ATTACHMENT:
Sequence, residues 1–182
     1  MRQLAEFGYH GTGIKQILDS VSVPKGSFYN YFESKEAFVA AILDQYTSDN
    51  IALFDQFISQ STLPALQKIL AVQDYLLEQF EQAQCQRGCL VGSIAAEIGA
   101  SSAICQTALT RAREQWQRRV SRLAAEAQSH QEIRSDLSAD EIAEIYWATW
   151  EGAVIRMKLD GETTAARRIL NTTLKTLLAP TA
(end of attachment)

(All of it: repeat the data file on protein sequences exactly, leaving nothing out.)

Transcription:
Sequence, residues 1–182
     1  MRQLAEFGYH GTGIKQILDS VSVPKGSFYN YFESKEAFVA AILDQYTSDN
    51  IALFDQFISQ STLPALQKIL AVQDYLLEQF EQAQCQRGCL VGSIAAEIGA
   101  SSAICQTALT RAREQWQRRV SRLAAEAQSH QEIRSDLSAD EIAEIYWATW
   151  EGAVIRMKLD GETTAARRIL NTTLKTLLAP TA